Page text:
“All right, let’s see where we are,” Ryan said, levering himself off the floor. The companions assumed their usual positions and drew their weapons as the one-eyed man walked to the chamber’s door and pressed the lever. The door opened onto an antechamber.
Each mat-trans unit had its own unique color, possibly to identify the location to travelers. But that was just a guess. Nobody knew for sure why the armaglass was a different color, or where all of the military personnel disappeared to after the nuke war. Or where they took the megatons of supplies previously stored inside the underground bunkers. The redoubts contained a thousand mysteries, the color codes being only one of them.
However, one constant in every redoubt was that the antechamber was usually small and always empty, except perhaps for a small table or chair, and was devoid of dust, a sterile void. But this room was large and stuffed to the ceiling with wooden boxes. There had to have been a hundred of them filling the room, each one absolutely identical to the other, aside from a black serial number stenciled on the side.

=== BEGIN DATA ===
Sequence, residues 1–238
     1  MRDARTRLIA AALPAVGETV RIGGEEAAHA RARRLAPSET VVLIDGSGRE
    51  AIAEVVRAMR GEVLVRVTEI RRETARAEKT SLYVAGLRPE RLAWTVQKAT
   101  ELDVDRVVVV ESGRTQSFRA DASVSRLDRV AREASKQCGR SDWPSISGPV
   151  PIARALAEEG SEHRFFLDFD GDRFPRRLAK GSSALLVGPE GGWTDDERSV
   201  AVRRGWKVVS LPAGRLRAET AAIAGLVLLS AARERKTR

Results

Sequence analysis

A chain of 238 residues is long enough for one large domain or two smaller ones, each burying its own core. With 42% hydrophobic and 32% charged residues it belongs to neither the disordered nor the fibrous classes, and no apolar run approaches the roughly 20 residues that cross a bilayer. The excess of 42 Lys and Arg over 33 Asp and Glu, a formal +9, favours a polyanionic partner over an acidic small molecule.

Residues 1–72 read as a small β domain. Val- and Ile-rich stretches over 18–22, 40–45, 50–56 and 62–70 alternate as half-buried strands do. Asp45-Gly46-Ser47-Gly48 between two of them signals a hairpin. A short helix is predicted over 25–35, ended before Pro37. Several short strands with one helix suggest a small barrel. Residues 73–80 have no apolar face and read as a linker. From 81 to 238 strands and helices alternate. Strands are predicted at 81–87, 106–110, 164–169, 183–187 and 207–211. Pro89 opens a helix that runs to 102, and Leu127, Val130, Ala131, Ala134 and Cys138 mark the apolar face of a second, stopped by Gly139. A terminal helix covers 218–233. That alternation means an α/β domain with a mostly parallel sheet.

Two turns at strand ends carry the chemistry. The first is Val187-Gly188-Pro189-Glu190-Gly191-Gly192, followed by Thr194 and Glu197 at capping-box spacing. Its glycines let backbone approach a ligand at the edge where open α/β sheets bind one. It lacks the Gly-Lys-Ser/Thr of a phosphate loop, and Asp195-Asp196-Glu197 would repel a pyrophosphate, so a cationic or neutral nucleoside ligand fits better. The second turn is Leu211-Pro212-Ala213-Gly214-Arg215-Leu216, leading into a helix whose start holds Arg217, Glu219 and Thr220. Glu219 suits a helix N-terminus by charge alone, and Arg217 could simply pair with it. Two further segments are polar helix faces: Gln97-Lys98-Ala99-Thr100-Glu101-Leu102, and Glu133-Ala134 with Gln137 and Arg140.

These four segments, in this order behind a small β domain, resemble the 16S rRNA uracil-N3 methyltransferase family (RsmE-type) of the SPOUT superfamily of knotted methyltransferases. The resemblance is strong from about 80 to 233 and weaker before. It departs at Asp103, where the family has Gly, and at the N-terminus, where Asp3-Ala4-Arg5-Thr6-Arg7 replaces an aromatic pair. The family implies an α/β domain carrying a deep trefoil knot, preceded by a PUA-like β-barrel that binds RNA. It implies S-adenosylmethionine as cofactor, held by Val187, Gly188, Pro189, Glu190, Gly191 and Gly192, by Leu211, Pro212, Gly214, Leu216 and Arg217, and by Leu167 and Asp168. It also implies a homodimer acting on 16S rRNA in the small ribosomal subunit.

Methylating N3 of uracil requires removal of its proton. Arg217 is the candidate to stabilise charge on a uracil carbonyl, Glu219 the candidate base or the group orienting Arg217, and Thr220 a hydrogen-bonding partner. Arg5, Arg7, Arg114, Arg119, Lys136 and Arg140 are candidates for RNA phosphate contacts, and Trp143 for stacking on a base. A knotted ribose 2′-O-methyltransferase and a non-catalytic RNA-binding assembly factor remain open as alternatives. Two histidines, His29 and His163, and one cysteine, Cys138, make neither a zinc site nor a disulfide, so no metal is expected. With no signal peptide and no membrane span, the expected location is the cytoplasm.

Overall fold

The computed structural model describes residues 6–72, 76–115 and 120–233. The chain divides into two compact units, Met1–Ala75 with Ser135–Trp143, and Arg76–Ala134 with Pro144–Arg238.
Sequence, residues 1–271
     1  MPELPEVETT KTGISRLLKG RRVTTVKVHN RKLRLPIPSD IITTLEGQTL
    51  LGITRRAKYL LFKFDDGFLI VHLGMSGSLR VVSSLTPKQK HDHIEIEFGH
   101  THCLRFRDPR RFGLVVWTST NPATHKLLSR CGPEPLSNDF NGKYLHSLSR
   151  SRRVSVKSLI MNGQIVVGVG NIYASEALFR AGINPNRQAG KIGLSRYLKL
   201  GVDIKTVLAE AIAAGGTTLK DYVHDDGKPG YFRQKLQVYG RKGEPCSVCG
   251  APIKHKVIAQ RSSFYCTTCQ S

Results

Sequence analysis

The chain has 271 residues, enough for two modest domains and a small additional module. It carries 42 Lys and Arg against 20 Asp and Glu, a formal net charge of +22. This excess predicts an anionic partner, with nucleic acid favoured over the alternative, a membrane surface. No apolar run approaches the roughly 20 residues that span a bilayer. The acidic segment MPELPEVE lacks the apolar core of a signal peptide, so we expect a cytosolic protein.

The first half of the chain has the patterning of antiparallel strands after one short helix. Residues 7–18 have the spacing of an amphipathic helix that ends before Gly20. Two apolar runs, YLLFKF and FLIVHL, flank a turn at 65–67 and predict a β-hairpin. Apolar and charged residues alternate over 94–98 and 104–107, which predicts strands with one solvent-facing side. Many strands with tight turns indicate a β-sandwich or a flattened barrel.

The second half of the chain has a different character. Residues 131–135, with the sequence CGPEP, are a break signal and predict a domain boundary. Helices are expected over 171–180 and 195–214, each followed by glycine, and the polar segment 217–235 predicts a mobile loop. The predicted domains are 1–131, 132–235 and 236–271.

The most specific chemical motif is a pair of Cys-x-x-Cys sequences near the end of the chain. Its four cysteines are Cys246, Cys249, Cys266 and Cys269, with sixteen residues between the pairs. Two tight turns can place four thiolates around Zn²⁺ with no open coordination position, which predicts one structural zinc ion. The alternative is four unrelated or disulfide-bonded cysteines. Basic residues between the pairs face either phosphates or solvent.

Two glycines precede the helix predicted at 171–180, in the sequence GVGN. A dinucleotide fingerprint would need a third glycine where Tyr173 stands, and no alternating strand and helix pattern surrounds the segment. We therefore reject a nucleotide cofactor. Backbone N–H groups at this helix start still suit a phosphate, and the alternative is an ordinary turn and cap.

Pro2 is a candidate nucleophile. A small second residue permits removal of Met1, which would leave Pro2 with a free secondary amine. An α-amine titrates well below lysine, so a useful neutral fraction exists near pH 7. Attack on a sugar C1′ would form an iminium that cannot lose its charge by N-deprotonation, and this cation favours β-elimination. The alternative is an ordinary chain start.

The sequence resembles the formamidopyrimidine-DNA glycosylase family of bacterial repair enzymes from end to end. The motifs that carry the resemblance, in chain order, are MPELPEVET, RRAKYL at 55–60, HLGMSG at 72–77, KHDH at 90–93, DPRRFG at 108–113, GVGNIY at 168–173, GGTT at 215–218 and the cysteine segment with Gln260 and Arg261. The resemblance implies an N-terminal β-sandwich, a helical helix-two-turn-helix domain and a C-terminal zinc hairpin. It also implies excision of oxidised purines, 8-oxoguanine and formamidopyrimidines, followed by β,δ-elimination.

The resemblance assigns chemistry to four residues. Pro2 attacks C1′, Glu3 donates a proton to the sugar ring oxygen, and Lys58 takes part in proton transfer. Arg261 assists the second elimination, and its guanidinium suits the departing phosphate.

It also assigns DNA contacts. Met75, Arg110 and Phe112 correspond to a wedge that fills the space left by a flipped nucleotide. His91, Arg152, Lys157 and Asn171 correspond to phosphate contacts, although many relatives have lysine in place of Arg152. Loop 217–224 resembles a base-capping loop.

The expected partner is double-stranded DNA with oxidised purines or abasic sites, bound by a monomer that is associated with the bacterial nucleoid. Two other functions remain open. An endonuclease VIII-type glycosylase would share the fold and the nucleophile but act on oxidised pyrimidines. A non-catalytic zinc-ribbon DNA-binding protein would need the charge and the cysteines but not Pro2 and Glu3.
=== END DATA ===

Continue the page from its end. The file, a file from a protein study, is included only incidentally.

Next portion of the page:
“What is all of this stuff?” J.B. demanded curtly.
“Dunno. Those aren’t predark mil numbers on the sides,” Ryan said slowly.
“It almost looks like somebody did a run,” Krysty stated. Her long red hair moved as if stirred by secret winds that only she could feel. “They jumped into the redoubt, tossed out the boxes from the mat-trans unit, then jumped out again.”
“A raiding party?” Doc muttered. “That could very well be, madam. As I recall, we did something similar ourselves once.”
“Yeah, chill Silas,” Jak growled, clicking back the hammer on his Colt Python. Dr. Silas Jamaisuous had been one of the predark inventors of the mat-trans unit and crazier than a shithouse mutie. “Think might be someone’s private cache?”